Waiting at the Toyota Dealership for the car to be fixed.


On leaving the dealership, I VERY CAREFULLY loaded our next destination.  Again approximately 5 hours driving time away…..or was it???

To be continued in Part 3…


Buster Ivory and The Cyprus 3 On Tour 2014


On Monday morning last, we were due to leave home for our journey through France to Spain. Accommodation was all booked, everything organised, the only thing we were worried about was how well The Cyprus 3 would behave on the trip.

They proved to be the least of our problems!

We had planned to leave at 10.00 a.m. We got away only 45 mins late due to certain issues with the amount of stuff I was trying to load into the new 510litre roof box which we had purchased in order that the dogs could have the whole interior of the car.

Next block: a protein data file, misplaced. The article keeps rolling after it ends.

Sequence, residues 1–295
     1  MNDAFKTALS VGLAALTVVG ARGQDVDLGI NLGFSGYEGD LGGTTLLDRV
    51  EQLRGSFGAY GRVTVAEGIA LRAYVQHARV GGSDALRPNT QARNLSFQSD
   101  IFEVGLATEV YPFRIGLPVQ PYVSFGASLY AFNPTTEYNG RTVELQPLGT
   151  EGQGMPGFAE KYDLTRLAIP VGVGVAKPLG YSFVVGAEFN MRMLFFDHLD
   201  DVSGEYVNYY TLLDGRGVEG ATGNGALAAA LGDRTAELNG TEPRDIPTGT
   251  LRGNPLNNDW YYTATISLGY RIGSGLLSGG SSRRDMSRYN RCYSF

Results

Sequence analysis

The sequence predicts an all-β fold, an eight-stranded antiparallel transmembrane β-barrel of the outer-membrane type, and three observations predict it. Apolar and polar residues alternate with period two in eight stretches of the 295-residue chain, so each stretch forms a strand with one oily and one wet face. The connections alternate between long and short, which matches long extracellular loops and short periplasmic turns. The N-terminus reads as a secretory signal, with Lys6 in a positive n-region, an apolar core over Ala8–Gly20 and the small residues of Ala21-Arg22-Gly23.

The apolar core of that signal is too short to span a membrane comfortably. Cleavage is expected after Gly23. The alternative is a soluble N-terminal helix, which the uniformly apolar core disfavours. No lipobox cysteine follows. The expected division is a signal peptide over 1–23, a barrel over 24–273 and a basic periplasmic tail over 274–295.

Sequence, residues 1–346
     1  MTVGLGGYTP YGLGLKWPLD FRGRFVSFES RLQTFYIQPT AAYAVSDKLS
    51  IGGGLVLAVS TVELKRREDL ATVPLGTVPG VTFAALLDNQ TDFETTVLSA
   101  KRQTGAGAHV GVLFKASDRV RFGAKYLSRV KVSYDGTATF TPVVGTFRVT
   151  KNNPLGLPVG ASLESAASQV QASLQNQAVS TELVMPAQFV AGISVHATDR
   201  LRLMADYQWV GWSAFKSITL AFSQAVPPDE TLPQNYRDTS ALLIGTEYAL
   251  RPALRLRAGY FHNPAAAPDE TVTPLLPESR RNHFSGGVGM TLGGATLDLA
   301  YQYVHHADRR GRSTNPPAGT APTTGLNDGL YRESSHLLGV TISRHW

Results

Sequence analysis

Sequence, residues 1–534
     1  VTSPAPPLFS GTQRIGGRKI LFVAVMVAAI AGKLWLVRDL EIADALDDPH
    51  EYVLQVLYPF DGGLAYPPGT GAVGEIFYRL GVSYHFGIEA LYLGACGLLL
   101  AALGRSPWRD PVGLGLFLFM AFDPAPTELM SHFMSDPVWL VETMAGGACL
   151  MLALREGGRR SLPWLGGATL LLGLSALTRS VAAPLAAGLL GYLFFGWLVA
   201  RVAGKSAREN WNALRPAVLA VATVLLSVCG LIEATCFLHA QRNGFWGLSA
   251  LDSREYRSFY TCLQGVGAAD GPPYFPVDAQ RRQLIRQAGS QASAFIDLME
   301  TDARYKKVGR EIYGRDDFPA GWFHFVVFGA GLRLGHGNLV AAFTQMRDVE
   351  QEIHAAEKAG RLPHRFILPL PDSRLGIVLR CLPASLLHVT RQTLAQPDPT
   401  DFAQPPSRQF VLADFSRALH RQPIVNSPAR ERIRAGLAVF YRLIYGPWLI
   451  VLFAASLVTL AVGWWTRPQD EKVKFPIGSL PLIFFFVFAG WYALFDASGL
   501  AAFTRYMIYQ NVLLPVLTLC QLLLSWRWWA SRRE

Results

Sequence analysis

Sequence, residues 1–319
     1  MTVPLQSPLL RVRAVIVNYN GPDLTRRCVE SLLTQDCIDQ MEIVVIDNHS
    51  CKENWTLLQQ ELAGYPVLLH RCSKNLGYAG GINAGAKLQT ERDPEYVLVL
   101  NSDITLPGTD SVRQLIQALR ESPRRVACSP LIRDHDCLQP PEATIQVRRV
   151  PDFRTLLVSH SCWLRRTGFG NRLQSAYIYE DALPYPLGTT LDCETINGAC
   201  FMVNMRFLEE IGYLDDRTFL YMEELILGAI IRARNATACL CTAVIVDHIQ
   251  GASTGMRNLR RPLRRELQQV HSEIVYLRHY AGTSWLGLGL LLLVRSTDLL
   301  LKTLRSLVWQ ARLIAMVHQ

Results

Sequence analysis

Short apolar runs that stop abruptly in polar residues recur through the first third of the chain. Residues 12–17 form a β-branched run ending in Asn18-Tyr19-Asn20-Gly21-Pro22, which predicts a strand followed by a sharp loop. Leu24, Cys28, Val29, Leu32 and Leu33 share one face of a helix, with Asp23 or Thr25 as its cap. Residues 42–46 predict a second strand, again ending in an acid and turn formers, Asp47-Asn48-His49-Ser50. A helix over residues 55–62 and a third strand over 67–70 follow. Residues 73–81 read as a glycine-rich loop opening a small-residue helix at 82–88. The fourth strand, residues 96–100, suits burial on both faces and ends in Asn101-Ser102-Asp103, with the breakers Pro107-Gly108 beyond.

Who new that 510litres was so small?

Thanks to the miracle that is vacuum packing bags we managed to condense the, possibly, 1000 litres of items I was loading into half the space. Believe the adverts, these things are miraculous http://www.lakeland.co.uk/p24142/Lakeland-Vacuum-Totes

We then had a little issue with locking the thing. Resolved on the phone by the very nice people at The Roofbox Company .

Bad language, and tempers forgotten (sort of)  we were off!


Until about 5 miles before The Dartford Crossing when the M25 ground to a crawl and remained that way for 45 mins until we got to the toll.

Back on it!! Arrived at the Eurotunnel at about 2.10 bought ticket but they couldn’t get us on a train until 3.20. No probs. Had a coffee walked the dogs queued for the train.

Excellent!! 4th vehicle loaded after 3 coaches which meant 4th off at the other end.

En France, the doors opened the coaches drove off, except for the coach in front of us………. which broke down or, tombé en panne!!

Zut Alors!!

Loaded in a metal cylinder, daylight only one vehicle away, it is very frustrating when that vehicle is a 49-seater coach with a seized gear-box.